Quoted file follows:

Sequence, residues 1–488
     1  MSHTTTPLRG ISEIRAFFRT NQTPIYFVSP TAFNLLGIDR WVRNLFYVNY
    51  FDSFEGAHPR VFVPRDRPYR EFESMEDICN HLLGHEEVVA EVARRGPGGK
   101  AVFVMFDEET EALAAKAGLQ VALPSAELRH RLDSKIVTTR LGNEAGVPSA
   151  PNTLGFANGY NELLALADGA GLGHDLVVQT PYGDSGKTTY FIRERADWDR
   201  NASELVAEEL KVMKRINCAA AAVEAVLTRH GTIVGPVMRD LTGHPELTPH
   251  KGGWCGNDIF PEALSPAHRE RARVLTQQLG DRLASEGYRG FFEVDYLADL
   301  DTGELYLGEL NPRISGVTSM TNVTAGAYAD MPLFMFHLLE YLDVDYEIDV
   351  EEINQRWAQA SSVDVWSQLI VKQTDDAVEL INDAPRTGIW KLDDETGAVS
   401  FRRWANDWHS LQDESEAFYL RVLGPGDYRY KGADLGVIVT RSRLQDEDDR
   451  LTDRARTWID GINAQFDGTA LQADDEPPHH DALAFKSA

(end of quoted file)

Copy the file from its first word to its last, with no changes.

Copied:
Sequence, residues 1–488
     1  MSHTTTPLRG ISEIRAFFRT NQTPIYFVSP TAFNLLGIDR WVRNLFYVNY
    51  FDSFEGAHPR VFVPRDRPYR EFESMEDICN HLLGHEEVVA EVARRGPGGK
   101  AVFVMFDEET EALAAKAGLQ VALPSAELRH RLDSKIVTTR LGNEAGVPSA
   151  PNTLGFANGY NELLALADGA GLGHDLVVQT PYGDSGKTTY FIRERADWDR
   201  NASELVAEEL KVMKRINCAA AAVEAVLTRH GTIVGPVMRD LTGHPELTPH
   251  KGGWCGNDIF PEALSPAHRE RARVLTQQLG DRLASEGYRG FFEVDYLADL
   301  DTGELYLGEL NPRISGVTSM TNVTAGAYAD MPLFMFHLLE YLDVDYEIDV
   351  EEINQRWAQA SSVDVWSQLI VKQTDDAVEL INDAPRTGIW KLDDETGAVS
   401  FRRWANDWHS LQDESEAFYL RVLGPGDYRY KGADLGVIVT RSRLQDEDDR
   451  LTDRARTWID GINAQFDGTA LQADDEPPHH DALAFKSA